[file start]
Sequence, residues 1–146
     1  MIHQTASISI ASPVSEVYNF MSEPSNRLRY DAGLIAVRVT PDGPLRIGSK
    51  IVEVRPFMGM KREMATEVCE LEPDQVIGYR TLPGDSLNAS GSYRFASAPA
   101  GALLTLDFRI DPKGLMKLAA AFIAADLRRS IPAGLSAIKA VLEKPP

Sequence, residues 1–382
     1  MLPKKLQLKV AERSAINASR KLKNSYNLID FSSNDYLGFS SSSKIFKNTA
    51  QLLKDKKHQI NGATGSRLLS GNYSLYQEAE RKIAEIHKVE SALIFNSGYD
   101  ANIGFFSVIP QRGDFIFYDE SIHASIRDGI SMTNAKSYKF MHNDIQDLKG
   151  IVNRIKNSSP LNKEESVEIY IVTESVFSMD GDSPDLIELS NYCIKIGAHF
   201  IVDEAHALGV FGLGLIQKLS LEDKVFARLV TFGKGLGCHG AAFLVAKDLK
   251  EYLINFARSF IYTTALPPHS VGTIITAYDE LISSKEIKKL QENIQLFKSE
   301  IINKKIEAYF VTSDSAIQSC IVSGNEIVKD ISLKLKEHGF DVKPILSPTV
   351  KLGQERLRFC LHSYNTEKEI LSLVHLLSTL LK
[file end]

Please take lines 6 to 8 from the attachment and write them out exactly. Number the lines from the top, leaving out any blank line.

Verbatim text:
     1  MLPKKLQLKV AERSAINASR KLKNSYNLID FSSNDYLGFS SSSKIFKNTA
    51  QLLKDKKHQI NGATGSRLLS GNYSLYQEAE RKIAEIHKVE SALIFNSGYD
   101  ANIGFFSVIP QRGDFIFYDE SIHASIRDGI SMTNAKSYKF MHNDIQDLKG